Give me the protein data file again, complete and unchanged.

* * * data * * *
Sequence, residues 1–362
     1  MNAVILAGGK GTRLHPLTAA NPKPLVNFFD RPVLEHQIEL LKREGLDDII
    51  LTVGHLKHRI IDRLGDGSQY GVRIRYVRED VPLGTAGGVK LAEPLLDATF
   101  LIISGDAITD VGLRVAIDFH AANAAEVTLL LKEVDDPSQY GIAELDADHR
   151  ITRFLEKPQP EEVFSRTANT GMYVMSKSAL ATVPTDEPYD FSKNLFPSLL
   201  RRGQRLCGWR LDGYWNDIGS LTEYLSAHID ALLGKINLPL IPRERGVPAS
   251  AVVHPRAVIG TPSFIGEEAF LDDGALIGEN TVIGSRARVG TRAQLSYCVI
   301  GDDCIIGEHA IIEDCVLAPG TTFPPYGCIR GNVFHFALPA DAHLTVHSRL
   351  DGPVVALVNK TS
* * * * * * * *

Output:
Sequence, residues 1–362
     1  MNAVILAGGK GTRLHPLTAA NPKPLVNFFD RPVLEHQIEL LKREGLDDII
    51  LTVGHLKHRI IDRLGDGSQY GVRIRYVRED VPLGTAGGVK LAEPLLDATF
   101  LIISGDAITD VGLRVAIDFH AANAAEVTLL LKEVDDPSQY GIAELDADHR
   151  ITRFLEKPQP EEVFSRTANT GMYVMSKSAL ATVPTDEPYD FSKNLFPSLL
   201  RRGQRLCGWR LDGYWNDIGS LTEYLSAHID ALLGKINLPL IPRERGVPAS
   251  AVVHPRAVIG TPSFIGEEAF LDDGALIGEN TVIGSRARVG TRAQLSYCVI
   301  GDDCIIGEHA IIEDCVLAPG TTFPPYGCIR GNVFHFALPA DAHLTVHSRL
   351  DGPVVALVNK TS